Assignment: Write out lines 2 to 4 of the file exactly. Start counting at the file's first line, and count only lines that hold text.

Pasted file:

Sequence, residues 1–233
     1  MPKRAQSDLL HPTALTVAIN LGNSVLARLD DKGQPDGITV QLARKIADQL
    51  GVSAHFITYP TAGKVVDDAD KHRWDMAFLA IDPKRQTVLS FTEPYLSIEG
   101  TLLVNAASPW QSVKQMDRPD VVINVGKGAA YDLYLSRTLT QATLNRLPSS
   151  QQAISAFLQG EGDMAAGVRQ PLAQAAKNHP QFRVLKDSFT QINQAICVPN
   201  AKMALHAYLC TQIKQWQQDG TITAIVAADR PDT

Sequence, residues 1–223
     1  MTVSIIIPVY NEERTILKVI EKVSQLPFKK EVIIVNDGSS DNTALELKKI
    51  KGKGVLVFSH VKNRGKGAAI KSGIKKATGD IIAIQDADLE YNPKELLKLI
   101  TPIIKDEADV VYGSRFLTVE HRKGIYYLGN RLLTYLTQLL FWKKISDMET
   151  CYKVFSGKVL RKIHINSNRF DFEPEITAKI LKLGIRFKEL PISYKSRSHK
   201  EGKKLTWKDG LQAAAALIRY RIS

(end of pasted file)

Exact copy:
     1  MPKRAQSDLL HPTALTVAIN LGNSVLARLD DKGQPDGITV QLARKIADQL
    51  GVSAHFITYP TAGKVVDDAD KHRWDMAFLA IDPKRQTVLS FTEPYLSIEG
   101  TLLVNAASPW QSVKQMDRPD VVINVGKGAA YDLYLSRTLT QATLNRLPSS